The objective of the ESMF is to propose mitigation measures identified during the screening and due diligence visits to mitigate any potential negative social and environmental impacts triggered by the projects. The ESMF might encompass other mitigation plans such as a Social Inclusion Planning Framework[2], Process Framework, Environment Management Plan or any other specific type of mitigation plan depending on the needs identified in the ESS Screening.

4. Scope of Work

The analysis should make use of existing literature and available statistics and analysis and will involve comprehensive exchange with all relevant stakeholders. The ESMFs for both projects will be prepared after visits to the sites and through consultations with all local communities and other key stakeholders who may potentially be affected by project activities. The ESMF will include guidance for developing site specific management plans once the project design activities have been identified during project implementation.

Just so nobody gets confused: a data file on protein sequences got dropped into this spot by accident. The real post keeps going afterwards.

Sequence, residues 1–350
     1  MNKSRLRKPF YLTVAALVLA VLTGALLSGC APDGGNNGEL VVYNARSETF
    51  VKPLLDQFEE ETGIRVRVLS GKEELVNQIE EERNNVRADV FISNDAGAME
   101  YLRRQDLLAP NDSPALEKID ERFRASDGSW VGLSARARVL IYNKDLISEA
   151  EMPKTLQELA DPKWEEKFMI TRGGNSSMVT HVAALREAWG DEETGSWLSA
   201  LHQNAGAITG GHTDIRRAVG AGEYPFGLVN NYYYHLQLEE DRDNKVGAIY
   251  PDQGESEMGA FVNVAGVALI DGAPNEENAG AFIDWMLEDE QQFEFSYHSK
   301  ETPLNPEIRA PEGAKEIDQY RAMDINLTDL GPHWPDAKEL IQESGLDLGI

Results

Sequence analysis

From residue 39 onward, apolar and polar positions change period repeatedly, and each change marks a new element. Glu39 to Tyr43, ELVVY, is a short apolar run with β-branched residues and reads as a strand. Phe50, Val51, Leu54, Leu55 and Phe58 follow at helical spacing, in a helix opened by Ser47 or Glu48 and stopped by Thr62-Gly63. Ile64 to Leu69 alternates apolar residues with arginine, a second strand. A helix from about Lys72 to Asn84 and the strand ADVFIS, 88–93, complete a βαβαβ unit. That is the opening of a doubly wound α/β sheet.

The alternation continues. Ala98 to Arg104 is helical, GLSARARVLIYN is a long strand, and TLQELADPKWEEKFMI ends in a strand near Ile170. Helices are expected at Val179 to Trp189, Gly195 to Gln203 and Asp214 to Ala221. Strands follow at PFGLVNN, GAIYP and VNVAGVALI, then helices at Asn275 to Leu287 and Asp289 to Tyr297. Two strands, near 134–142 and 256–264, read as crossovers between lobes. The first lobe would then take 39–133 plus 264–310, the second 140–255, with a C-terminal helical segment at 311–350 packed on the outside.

The scope of work will involve the following actions by the Consultant:

1. Coordinate with the Project Development Team (PDT) for the general planning and development of the Environmental and Social Management Frameworks and the associated documentation necessary for CEO Endorsement Requests to the GEF.

2. Develop a work plan, including interviews or other consultation mechanisms.

3. Hold meetings with WWF Zambia and ICF staff, and government personnel, as relevant.

4. Assist WWF US and WWF Zambia staff in filling in missing information/gaps in the ESS Screening for both projects, in order to finalize the screenings, as needed.

5. Evaluate and identify existing institutional, political, and legal frameworks of relevant sectors to ensure the development of the Environmental and Social Management Framework, potentially including the Social Inclusion Planning Framework[3] and Process Framework (see Task A below).